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Your Advertising Career Hinges on Your Ability to Empathize

Put yourself in my shoes,
Walk a mile for me.
You know, I’ll put myself in your shoes,
Maybe then we’d see,
That if you put yourself in my shoes,
You’d have some sympathy.

Clint Black should be poet laureate for the marketing industry. He nailed, in 34 words, the sine qua non for all good advertisers and marketers – empathy. The ability to put yourself in the shoes of three constituencies – customers, employees, and clients – is more important to marketing than creativity, budget, or even the almighty price. Because you can make a wildly creative advertisement about a low-priced, amazing product, air it during the Super Bowl, and produce no results because you didn’t think like potential customers.


Are you the target demographic for your client’s (or company’s, if you are in-house) product or service? If yes, then you’re wearing the high heels or hiking boots that you need to be in. If no, then it doesn’t matter one damn bit what you think. You have to imagine what it’s like to be a mom, or a frat boy, or rock-climbing hippie – if you’re successful, you might have to put yourself in all of their shoes on the same day.

Not only do you have to imagine their lives, but you can’t recoil at those thoughts. Empathy requires that you realize it takes all kinds to make the world go ‘round. I’m telling you this because I hope you can awaken your empathy within, because I’m not sure you can learn to empathize as an adult, if you don’t already know how.

What you can do, through the miracle of big data, is learn what people in your target market like, don’t like, and what they spend their money on. You can create customer personas, and if you can’t inhabit that person personally, you need to find someone who can. That’s what it takes to create the kind of messages that will resonate with people – because every target market consists of people. That requires empathy.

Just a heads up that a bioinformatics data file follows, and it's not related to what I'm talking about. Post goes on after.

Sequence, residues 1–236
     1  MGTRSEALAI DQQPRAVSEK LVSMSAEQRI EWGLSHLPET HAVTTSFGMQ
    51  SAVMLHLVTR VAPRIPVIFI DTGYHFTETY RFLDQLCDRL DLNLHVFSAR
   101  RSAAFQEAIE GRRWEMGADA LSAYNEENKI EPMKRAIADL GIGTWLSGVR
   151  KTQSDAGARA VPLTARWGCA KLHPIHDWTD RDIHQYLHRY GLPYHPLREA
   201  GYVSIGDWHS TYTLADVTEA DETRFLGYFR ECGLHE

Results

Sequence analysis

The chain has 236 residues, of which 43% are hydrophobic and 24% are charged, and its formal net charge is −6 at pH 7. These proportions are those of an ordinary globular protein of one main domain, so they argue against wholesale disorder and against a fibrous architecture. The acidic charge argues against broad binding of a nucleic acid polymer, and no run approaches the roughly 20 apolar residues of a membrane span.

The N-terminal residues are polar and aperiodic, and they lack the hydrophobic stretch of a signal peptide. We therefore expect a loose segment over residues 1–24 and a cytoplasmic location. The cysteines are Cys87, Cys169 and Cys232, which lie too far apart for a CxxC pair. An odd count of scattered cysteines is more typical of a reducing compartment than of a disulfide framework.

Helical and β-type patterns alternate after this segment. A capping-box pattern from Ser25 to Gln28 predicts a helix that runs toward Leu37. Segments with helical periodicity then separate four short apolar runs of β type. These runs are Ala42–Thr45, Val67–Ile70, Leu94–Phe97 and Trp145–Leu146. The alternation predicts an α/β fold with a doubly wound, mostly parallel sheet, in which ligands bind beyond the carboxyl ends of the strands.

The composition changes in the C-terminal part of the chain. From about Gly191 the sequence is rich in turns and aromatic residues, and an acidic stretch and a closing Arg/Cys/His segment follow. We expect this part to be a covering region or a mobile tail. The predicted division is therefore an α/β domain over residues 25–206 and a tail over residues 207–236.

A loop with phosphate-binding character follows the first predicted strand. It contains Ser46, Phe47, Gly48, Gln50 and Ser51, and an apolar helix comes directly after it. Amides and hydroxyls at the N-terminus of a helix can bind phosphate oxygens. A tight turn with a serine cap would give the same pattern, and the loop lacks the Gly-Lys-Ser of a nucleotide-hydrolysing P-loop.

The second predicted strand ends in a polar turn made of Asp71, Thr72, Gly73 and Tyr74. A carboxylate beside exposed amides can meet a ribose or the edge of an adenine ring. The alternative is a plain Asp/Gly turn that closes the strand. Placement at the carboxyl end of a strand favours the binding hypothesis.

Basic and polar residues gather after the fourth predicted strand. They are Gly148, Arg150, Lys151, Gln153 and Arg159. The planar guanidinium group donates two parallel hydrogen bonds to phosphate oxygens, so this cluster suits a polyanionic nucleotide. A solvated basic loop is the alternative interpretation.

Have you ever asked your client what they hope for and what they fear? I mean in regards to business, because you do not want to know their personal hopes and fears. Sorry, flashbacks… Anyway, if you start empathizing with a business owner, CEO, or CMO you’ll be more adept at setting and meeting expectations. You’ll be better at communicating to them the way they want to be communicated to. You will understand what they need you to accomplish. You can be very successful at showing a return on your client’s marketing investment, but if the client was expecting a different outcome – that’s a hollow success.

I used to think that a broad and deep knowledge of the world was the most important element of advertising. After all, if you can relate to someone’s interests, you can make a connection, right? And, if you have a connection it’s easier to sell them something or make an analogy they understand in order to explain a concept. Now, I think that’s the second most important characteristic of an advertiser, because I can know lots of information without being able to relate to how another individual perceives that information. That requires empathy.


“What’s your management style?” Answering that question in a job interview is the adult equivalent of taking a standardized test. The answer you need to deliver isn’t the one you believe to be correct – it’s the answer they expect. In reality, the only right answer is, “I try to be a servant leader,” though few interviewers will expect it.

At the heart of servant leadership is empathy. The difference between, “Do unto others as you would have them do unto you,” and, “Do unto others as they would have you do to them,” is – you guessed it – empathy. You must care about the people under your charge individually in order to know what motivates them. You must motivate them to get thoughtful, creative, and efficient work. And, to care about a person, you must make that person’s priorities your priorities – possibly even your top priority from time to time.

Leadership is a function of support – you must not produce anything other than guidance and support to be an effective leader, because a contented, produces the results. But a team is composed of individuals, and you must guide and support them individually – as they need and want you to. That requires empathy.

If you want to reach individuals – to sell them something, to keep their business, to motivate and support them – you have to put yourself in their shoes. Otherwise, Clint Black’s arch-nemesis, Nancy Sinatra, will play her tune for you:

These boots are made for walking,
And that’s just what they’ll do.
One of these days these boots
Are gonna walk all over you.

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